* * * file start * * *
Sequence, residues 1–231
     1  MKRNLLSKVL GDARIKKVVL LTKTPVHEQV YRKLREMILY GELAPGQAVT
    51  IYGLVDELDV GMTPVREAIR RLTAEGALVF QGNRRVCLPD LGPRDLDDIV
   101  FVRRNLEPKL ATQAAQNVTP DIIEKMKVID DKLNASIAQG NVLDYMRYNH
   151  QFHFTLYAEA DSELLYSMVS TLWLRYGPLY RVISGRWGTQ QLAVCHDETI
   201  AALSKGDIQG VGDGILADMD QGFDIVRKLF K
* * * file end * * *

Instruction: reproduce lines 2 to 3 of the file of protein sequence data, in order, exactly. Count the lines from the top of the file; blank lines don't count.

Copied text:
     1  MKRNLLSKVL GDARIKKVVL LTKTPVHEQV YRKLREMILY GELAPGQAVT
    51  IYGLVDELDV GMTPVREAIR RLTAEGALVF QGNRRVCLPD LGPRDLDDIV